Capitulo Venezuela

Political Prisoners in Venezuela

Violaciones a los Derechos Humanos en Venezuela por parte del Gobierno de Hugo Chávez y Nicolás Maduro y la Posición del Gobierno de los Estados Unidos 

Violaciones a los Derechos Humanos en Venezuela, Historia Politica de la Dictadura Chavista Madurista en Venezuela, Los Estados Unidos y Venezuela, Posicion del Departamento de Estado con Relacion a Venezuela, Venezuela vista en el Mundo:

Justice Department, Disponible en: https://www.justice.gov/eoir/country/venezuela-contents

Venezuela: Background and U.S. Policy, June 14, 2017

Summary

Venezuela is in an acute political, economic, and social crisis. Following the March 2013 death of populist President Hugo Chávez, acting President Nicolás Maduro of the United Socialist Party of Venezuela (PSUV) narrowly defeated Henrique Capriles of the opposition Democratic Unity Roundtable (MUD) to be elected to a six-year term in April 2013. President Maduro now has lessthan 20% public approval, and fissures have emerged within the PSUV about the means that he has used to maintain power, including an aborted attempt to have the Supreme Court dissolve the MUD-dominated legislature.
Since March 2017, large-scale protests have called for President Maduro to release political prisoners, respect the separation of powers, and establish an electoral calendar. Instead, Maduro has scheduled July 30, 2017, elections to select delegates to a constituent assembly to rewrite the constitution (the opposition is boycotting). Security forces have repressed protesters, with some 70 dead and thousands injured and jailed.

Political Prisoners in Venezuela
Political Prisoners in Venezuela

Venezuela also faces crippling economic and social challenges. An economic crisis, triggered by mismanagement and low oil prices, is worsening. In 2016, the economy contracted by 18% and inflation averaged 254% according to the International Monetary Fund. Shortages of food and medicine have caused a humanitarian crisis. The Maduro government is struggling to raise the cash needed to make its debt payments and pay for imports. Some economists maintain that Venezuela is at risk of default in 2017.
International efforts to facilitate dialogue between President Maduro and the opposition have failed, due to the government’s intransigence. In March 2017, Secretary General of the Organization of American States (OAS) Luis Almagro called on member states to temporarily suspend Venezuela from the organization if the government did not take certain actions, including convening elections. The Maduro government reacted by initiating the two-year process required to leave the OAS. On May 31, 2017, the OAS convened a meeting of foreign ministers to discuss Venezuela, but the ministers failed to agree on a resolution to address the crisis.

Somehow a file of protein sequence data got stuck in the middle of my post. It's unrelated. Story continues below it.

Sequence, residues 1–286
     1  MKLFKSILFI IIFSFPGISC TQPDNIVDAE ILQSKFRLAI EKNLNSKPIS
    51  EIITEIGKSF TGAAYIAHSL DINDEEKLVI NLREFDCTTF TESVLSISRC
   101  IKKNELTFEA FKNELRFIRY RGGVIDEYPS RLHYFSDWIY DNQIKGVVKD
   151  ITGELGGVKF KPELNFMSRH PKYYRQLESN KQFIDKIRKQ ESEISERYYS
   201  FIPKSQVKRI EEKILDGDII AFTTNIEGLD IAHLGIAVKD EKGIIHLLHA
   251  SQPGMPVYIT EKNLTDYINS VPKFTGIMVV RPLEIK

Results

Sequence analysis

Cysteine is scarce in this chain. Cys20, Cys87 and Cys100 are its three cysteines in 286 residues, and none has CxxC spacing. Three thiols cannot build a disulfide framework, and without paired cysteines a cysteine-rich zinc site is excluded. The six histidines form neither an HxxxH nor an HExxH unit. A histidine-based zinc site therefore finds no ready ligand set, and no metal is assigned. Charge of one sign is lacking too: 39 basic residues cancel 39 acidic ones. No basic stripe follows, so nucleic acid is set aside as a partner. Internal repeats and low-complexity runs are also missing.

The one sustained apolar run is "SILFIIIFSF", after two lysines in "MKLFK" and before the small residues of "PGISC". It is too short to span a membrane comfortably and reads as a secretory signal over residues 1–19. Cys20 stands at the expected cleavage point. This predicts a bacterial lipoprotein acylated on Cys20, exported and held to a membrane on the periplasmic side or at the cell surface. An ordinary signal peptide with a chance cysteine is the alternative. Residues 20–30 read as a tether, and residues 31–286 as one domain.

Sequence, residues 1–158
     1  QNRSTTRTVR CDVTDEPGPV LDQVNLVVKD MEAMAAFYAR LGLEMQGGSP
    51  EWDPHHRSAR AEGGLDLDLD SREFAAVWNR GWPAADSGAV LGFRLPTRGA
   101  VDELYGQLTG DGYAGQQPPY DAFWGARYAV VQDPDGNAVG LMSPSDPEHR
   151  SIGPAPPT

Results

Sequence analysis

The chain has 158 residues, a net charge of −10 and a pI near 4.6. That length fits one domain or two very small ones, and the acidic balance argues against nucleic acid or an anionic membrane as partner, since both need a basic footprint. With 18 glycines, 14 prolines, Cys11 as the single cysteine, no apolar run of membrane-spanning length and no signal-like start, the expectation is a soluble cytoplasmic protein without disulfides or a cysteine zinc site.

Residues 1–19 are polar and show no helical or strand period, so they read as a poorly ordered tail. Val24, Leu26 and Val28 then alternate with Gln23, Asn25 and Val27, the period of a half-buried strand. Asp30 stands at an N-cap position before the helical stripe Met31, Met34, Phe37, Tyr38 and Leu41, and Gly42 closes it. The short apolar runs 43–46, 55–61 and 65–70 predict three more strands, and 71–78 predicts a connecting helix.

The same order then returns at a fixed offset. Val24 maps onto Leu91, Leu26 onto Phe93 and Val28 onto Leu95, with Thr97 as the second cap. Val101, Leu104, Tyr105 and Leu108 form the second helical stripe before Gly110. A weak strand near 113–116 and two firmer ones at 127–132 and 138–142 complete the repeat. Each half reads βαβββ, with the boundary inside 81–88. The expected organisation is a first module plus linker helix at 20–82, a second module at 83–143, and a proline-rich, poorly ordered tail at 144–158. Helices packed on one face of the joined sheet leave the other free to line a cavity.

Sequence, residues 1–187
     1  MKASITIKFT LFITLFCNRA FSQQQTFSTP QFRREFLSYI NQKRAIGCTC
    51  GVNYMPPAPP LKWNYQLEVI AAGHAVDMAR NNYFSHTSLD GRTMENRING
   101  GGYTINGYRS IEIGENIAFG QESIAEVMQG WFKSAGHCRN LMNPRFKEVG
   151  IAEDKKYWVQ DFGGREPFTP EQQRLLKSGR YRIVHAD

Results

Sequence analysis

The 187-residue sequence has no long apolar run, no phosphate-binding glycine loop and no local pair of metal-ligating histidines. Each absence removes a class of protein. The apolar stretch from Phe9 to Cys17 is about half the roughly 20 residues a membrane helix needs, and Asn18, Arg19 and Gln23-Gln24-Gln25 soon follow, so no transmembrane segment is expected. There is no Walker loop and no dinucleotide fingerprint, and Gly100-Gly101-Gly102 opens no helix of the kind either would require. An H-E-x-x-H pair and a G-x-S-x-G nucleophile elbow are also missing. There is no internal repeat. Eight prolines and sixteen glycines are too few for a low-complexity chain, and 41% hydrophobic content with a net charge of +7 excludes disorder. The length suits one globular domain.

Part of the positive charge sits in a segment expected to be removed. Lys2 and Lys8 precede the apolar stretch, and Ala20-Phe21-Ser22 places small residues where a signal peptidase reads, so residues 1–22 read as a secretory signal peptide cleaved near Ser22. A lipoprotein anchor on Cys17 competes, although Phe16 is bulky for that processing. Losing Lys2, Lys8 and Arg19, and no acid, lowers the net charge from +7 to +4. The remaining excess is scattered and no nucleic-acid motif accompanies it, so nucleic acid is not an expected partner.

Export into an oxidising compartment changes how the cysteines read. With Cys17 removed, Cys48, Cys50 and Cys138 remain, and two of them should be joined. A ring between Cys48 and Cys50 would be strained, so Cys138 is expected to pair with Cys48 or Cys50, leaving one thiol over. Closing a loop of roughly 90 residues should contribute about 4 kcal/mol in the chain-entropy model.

U.S. Policy

U.S. policymakers have had concerns for more than a decade about the deterioration of human rights and democracy in Venezuela and the government’s lack of cooperation on antidrug and counterterrorism efforts. The Obama Administration strongly criticized the Maduro government’s heavy-handed response to protests in 2014, provided assistance to civil society groups, and employed sanctions against Venezuelan officials linked to drug trafficking, terrorism, and human rights abuses. At the same time, it supported efforts at dialogue and OAS activities.

The Trump Administration has followed the same general approach. In February 2017, the Treasury Department imposed drug-trafficking sanctions against Vice President Tareck el Aissami, and in May 2017 it imposed sanctions on eight Supreme Court judges that had dissolved the legislature. President Trump and the State Department have called for the release of imprisoned opposition leader Leopoldo López and all political prisoners. State Department officials have condemned the Supreme Court’s rulings and the repression of protests. However, the FY2018 budget request does not include funding for democracy and human rights programs in Venezuela.

Congressional Action

Congress has taken various actions in response to the situation in Venezuela. It enacted legislation in 2014 to impose sanctions on current and former Venezuelan officials responsible for human Venezuela: Background and U.S. Policy Congressional Research Service rights abuses (P.L. 113-278). In July 2016, Congress enacted legislation (P.L. 114-194) extending sanctions through 2019. In the 115th Congress, the Senate approved S.Res. 35, expressing concern for the situation in Venezuela; calling on the government to hold elections, release political prisoners, and accept humanitarian aid; and supporting OAS efforts. The Consolidated Appropriations Act, 2017 (P.L. 115-31), provides $7 million in democracy and human rights assistance to Venezuelan civil society. Similar legislation has been introduced in both chambers (H.R. 2658/ S. 1018) that would, among other measures, authorize humanitarian assistance for Venezuela and broaden the activities for which Venezuelans can be sanctioned to include engaging in undemocratic practices or public corruption. H.Res. 259, introduced April 6, 2017, is similar to S.Res. 35.